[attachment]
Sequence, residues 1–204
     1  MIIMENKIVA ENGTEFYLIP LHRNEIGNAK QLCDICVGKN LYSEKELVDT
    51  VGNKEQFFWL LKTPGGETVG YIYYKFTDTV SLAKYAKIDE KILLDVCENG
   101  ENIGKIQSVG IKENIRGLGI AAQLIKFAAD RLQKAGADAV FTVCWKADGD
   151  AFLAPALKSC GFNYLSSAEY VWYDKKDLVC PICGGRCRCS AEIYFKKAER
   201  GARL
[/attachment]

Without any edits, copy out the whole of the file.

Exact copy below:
Sequence, residues 1–204
     1  MIIMENKIVA ENGTEFYLIP LHRNEIGNAK QLCDICVGKN LYSEKELVDT
    51  VGNKEQFFWL LKTPGGETVG YIYYKFTDTV SLAKYAKIDE KILLDVCENG
   101  ENIGKIQSVG IKENIRGLGI AAQLIKFAAD RLQKAGADAV FTVCWKADGD
   151  AFLAPALKSC GFNYLSSAEY VWYDKKDLVC PICGGRCRCS AEIYFKKAER
   201  GARL